BHP launches Project Renovate in Boulder

Highlights:

  • Project Renovate unveiled by BHP.
  • Project renovate is a $78 million affordable housing plan in Boulder.
  • Project Renovate is BHP’s most ambitious plan in its 49-year history.

 

By John Rebchook

Project Renovate is the most ambitious affordable housing development yet by BHP.

Project Renovate is the most ambitious affordable housing development yet by BHP.

It’s called Project Renovate.

Boulder Housing Partners  on Tuesday unveiled details of Project Renovate, a $78 million plan to purchase and renovate 279 affordable housing units in this city long known for its expensive housing.

Project Renovate will allow low to moderate-income people to live in Boulder, a city nearing the point where even rental units are not available for those making less than $50,000 per year. The median sales price of a Boulder home on the market is $775,000, according to COhomefinder.com.

Project Renovate is BHP’s most ambitious effort yet to preserve existing affordable housing throughout the city. BHP was founded in 1966.

The agency plans to purchase the units by the end of 2016. Project Renovate involves public and private financing.

Project Renovate’s goal is to assure that this essential housing is vibrant and viable for the long-term use of Boulder households, according to BHP.

50 of the units in Project Renovate will be found in Northport.

50 of the units in Project Renovate will be found in Northport.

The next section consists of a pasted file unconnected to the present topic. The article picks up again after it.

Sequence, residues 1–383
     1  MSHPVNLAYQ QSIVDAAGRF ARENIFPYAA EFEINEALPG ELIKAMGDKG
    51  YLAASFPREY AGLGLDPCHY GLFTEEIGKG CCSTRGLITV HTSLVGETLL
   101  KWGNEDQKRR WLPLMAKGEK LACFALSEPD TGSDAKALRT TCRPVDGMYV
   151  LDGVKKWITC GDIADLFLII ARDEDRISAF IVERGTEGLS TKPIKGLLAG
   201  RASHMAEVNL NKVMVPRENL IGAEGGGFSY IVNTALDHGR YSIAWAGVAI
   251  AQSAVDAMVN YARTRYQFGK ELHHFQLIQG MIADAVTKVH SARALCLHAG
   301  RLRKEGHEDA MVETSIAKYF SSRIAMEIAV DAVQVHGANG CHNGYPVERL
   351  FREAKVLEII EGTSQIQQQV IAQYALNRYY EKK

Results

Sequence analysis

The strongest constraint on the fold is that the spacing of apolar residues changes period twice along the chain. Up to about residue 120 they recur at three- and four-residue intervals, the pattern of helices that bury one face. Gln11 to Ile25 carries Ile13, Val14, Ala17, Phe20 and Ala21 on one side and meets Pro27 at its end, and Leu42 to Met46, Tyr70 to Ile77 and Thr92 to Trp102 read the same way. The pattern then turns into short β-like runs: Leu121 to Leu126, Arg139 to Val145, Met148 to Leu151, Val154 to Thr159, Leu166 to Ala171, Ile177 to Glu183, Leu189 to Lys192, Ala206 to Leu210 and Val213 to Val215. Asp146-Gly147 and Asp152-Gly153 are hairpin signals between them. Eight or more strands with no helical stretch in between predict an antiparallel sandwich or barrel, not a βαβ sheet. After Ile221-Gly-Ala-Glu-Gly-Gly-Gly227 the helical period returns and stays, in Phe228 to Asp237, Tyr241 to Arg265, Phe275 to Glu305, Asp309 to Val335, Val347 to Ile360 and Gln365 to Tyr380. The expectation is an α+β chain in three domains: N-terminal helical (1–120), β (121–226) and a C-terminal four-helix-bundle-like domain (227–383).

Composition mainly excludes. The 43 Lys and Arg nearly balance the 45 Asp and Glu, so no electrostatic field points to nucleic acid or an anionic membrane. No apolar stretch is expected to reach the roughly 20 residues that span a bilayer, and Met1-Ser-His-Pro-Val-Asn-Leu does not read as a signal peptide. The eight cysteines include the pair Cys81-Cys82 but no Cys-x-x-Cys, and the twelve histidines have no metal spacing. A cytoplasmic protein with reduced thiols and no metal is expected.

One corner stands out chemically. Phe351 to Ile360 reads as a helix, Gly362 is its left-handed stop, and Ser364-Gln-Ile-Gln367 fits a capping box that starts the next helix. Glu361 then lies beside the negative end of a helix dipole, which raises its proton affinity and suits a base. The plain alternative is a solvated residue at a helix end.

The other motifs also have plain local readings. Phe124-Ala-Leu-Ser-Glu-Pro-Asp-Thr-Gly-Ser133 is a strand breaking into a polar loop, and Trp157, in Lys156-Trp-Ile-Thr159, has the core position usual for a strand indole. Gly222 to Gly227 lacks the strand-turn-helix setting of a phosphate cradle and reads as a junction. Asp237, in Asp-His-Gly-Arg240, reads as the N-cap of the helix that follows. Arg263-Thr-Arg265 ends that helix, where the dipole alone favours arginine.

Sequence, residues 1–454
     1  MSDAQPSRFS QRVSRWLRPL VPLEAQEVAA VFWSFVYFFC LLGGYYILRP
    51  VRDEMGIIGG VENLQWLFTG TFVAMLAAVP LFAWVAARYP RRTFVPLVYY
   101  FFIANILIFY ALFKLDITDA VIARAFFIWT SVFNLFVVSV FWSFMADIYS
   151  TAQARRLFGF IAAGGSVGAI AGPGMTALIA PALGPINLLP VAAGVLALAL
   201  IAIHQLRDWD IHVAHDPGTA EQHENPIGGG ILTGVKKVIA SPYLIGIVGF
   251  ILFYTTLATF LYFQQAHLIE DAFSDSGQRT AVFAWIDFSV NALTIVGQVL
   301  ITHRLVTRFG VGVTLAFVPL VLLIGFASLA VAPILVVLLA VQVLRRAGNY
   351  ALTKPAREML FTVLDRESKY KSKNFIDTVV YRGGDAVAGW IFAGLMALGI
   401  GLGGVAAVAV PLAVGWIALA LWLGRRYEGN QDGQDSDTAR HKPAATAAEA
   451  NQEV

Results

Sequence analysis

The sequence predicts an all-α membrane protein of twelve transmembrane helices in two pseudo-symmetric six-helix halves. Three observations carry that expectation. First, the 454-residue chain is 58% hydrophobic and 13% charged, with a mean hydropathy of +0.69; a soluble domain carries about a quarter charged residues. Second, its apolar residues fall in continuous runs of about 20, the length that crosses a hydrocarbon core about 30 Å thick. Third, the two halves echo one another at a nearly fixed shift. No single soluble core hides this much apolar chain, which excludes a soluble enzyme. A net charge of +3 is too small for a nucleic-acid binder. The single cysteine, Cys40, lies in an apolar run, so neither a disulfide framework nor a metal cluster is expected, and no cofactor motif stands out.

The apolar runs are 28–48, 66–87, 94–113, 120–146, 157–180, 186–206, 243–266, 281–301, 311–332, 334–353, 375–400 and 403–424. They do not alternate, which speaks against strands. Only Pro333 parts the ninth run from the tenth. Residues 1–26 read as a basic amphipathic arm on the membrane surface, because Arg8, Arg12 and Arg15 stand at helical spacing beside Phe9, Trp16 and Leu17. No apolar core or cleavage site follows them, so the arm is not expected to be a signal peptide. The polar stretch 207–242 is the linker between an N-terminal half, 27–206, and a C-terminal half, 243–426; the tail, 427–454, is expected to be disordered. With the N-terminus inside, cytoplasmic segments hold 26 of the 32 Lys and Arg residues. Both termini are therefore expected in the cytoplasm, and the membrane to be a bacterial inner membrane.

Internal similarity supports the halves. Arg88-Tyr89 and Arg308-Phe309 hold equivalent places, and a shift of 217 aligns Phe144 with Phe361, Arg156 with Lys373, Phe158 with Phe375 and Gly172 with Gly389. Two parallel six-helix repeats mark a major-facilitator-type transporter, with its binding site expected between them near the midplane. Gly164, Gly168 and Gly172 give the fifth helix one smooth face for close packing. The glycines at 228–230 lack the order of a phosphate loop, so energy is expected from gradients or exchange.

“This is a capstone project in our strategic plan to preserve housing opportunities for our most economically vulnerable citizens while creating a stronger sense of community and a greater opportunity for our customers to gain more self-sufficiency,” said Betsey Martens, executive director of BHP.

BHP is one of a select group of public housing authorities approved by the U.S. Department of Housing and Urban Development to recapitalize its public housing properties. By gaining local control of the properties, BHP can ensure quality affordable housing for Boulder’s most at-risk citizens in perpetuity.

Dwindling federal housing funds have made traditional public housing models obsolete, Martens said.

Under the previous model, HUD owned the properties and gave housing authorities annual grants and subsidies for operations and maintenance.

Residents typically paid about 30 percent of their income for rent and utilities. The federal funds were not enough to cover the full costs, so housing authorities had to provide additional subsidies.

The Manhattan, in Project Renovate, will have 41 units.

The Manhattan, in Project Renovate, will have 41 units.

Once BHP owns the properties, it can access additional funding sources, such as low income housing tax credits, to renovate the units and maintain them in a more financially sustainable manner.

Residents will continue to pay at least 30 percent of their income in rent and utilities under a project-based Section 8 voucher program.

“The result is a better quality of life and opportunities for at-risk families, seniors and individuals with disabilities,” Martens said.

“Our city neighborhoods will be strengthened by quality affordable housing and we’ll provide homes for citizens who need them the most,”  with the Project Renovate program, Martens said.